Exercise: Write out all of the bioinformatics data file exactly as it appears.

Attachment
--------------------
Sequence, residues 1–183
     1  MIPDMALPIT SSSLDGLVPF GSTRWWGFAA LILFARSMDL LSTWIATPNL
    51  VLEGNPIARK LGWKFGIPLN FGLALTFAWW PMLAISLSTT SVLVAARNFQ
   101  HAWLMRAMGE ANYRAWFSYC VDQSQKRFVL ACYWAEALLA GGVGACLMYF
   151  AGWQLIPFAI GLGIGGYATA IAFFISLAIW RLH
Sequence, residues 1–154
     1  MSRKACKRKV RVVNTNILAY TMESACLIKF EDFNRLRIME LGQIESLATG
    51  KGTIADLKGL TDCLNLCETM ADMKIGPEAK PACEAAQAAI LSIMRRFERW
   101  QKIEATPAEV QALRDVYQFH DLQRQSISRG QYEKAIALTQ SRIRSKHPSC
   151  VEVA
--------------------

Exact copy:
Sequence, residues 1–183
     1  MIPDMALPIT SSSLDGLVPF GSTRWWGFAA LILFARSMDL LSTWIATPNL
    51  VLEGNPIARK LGWKFGIPLN FGLALTFAWW PMLAISLSTT SVLVAARNFQ
   101  HAWLMRAMGE ANYRAWFSYC VDQSQKRFVL ACYWAEALLA GGVGACLMYF
   151  AGWQLIPFAI GLGIGGYATA IAFFISLAIW RLH
Sequence, residues 1–154
     1  MSRKACKRKV RVVNTNILAY TMESACLIKF EDFNRLRIME LGQIESLATG
    51  KGTIADLKGL TDCLNLCETM ADMKIGPEAK PACEAAQAAI LSIMRRFERW
   101  QKIEATPAEV QALRDVYQFH DLQRQSISRG QYEKAIALTQ SRIRSKHPSC
   151  VEVA